The answer is, without the right platforms that allow you to look at your costs holistically and find ways to minimize them beyond just a price-based bid, is that you can’t … at least not after the first time you’ve “strategically sourced” a product. Additional savings will come from better category definition and alignment, smarter network design, better inventory management and aligned inventory levels, and up-sell opportunities from more appropriate, sustainable, sourcing selections.

And that will require the right upstream technology that will include the following:

  • supplier discovery to identify the right suppliers
  • optimization backed sourcing to make the right value-based decisions
  • supplier management to make sure the relationship and performance can be managed
  • risk management to identify, monitor, and mitigate potential disruption risks
  • analytics to analyze past, current, and ongoing price and KPI performance
  • CLM to manage the contract, obligations, and identify the time for renewal, renegotiation, or termination

And that’s why you see a proliferation towards Strategic Procurement Technology Suites and why the doctor has teamed up with Spend Matters to analyze them. Platforms are becoming key to identifying real, sustainable, savings — but only if they are the right ones for the customer base they are installed in.

Don’t Underestimate The Importance of Workflow …

One of the big reasons that, even four years after the doctor told you about the Procurement Damnation of Project Management most vendors haven’t done anything as per my post last week (read here), is that they have little or no workflow management, a capability that we told you is vital to the modern platform in our post three weeks ago where we were Digging into the S2P Tech Foundations.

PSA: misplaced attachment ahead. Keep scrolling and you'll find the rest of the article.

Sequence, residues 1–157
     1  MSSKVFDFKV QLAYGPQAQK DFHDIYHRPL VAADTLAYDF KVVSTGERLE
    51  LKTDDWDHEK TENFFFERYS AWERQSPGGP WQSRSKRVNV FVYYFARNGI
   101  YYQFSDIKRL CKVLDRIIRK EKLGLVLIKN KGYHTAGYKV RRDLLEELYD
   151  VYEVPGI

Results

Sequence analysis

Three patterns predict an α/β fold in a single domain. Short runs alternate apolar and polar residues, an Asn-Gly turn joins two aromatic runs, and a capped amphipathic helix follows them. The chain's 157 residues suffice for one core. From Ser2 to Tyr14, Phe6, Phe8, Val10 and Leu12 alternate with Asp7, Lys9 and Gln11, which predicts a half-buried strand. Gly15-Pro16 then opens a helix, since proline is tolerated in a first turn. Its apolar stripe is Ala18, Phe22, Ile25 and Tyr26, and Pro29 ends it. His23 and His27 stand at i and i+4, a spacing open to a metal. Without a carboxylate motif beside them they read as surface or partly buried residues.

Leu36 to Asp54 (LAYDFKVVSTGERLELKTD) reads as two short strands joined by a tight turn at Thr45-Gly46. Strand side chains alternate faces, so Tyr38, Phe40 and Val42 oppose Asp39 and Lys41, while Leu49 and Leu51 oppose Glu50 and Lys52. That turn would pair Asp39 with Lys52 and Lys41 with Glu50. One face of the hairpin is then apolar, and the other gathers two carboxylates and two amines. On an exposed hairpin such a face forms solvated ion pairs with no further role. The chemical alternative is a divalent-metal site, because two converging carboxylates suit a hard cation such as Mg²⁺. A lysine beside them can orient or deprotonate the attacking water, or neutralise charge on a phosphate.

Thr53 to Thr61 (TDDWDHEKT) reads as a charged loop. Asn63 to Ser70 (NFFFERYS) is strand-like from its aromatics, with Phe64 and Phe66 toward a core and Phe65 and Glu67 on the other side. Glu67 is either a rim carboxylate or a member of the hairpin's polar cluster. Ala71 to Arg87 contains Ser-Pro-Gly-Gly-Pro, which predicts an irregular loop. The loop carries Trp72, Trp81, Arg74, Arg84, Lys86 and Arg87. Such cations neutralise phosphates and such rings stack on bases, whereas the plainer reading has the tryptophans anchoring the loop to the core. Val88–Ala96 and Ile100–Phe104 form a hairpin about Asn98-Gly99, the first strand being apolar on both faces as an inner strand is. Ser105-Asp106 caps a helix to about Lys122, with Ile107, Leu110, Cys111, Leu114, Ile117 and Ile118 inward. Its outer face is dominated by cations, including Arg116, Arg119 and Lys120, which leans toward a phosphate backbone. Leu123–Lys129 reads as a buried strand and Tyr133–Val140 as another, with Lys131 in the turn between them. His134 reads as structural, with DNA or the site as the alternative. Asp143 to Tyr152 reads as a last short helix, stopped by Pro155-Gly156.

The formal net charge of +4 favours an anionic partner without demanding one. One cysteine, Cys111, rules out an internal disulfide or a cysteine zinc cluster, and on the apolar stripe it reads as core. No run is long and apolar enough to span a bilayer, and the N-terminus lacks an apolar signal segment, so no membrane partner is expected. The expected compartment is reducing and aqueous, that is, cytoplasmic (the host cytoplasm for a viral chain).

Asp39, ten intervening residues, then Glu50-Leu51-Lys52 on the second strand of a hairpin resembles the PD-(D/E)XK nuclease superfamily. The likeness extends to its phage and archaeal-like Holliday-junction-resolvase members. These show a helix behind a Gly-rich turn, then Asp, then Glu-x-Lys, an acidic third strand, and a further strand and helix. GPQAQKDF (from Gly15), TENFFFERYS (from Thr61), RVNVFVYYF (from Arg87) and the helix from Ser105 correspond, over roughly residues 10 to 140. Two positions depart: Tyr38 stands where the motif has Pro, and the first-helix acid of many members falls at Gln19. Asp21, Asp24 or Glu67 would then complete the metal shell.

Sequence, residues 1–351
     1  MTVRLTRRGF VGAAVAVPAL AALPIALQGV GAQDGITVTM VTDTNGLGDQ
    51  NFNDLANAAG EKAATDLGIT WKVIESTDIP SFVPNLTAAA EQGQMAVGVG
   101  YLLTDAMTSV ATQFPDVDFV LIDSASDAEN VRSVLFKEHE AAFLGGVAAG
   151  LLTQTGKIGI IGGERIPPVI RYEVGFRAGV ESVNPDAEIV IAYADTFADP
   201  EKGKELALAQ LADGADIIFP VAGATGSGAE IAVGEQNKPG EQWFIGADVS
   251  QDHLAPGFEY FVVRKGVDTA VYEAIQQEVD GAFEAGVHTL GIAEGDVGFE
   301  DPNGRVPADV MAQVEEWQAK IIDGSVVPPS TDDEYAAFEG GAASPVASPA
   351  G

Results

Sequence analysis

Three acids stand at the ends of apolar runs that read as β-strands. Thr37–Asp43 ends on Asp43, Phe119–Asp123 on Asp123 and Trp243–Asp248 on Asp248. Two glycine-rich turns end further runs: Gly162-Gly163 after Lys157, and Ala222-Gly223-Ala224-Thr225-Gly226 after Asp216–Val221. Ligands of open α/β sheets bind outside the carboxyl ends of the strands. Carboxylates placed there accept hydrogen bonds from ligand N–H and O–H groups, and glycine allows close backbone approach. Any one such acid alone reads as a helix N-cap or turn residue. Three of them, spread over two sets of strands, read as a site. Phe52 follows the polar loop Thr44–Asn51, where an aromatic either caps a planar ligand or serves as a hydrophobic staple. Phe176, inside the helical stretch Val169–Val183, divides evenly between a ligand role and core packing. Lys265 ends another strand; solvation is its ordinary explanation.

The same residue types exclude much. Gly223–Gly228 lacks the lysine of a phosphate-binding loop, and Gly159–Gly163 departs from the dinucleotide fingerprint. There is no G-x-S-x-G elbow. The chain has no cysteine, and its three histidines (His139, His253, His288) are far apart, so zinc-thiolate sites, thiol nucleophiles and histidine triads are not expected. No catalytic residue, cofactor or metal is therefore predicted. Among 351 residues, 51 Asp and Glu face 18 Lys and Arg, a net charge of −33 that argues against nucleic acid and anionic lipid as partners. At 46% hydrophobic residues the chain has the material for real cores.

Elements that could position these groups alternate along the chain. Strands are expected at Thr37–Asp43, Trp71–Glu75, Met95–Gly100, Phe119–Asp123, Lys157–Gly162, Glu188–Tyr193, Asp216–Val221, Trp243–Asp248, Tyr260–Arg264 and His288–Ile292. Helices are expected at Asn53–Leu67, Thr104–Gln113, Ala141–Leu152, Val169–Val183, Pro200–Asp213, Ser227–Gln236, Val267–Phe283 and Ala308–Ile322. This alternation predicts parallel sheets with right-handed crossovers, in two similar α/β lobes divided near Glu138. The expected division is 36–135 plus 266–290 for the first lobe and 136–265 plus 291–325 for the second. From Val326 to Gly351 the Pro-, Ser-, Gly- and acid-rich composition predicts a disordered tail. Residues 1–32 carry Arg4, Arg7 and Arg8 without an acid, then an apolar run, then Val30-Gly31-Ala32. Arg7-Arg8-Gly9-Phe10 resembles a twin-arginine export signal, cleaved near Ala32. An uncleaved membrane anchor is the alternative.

Workflow is more than just a platform’s ability to guide a buyer through the application to complete a specific task, workflow is the ability of the platform to be adapted, and adapt, to the processes an organization needs to support, and the ability of the platform to support management of those processes and the projects that create them.

This is something a large majority of software application developers don’t get, and, as a result, something a large majority of applications don’t have. And it’s something that needs to be baked in at the foundations of an application, or the application will never have good workflow capability.

Why is there so little? Because classic application design philosophy, inspired by the waterfall model of software development, has been:

  • identify a problem
  • define the problem
  • translate into requirements
  • detail into functional specifications
  • build a software solution that implements the functional specifications
  • iteratively test and debug until stable enough for release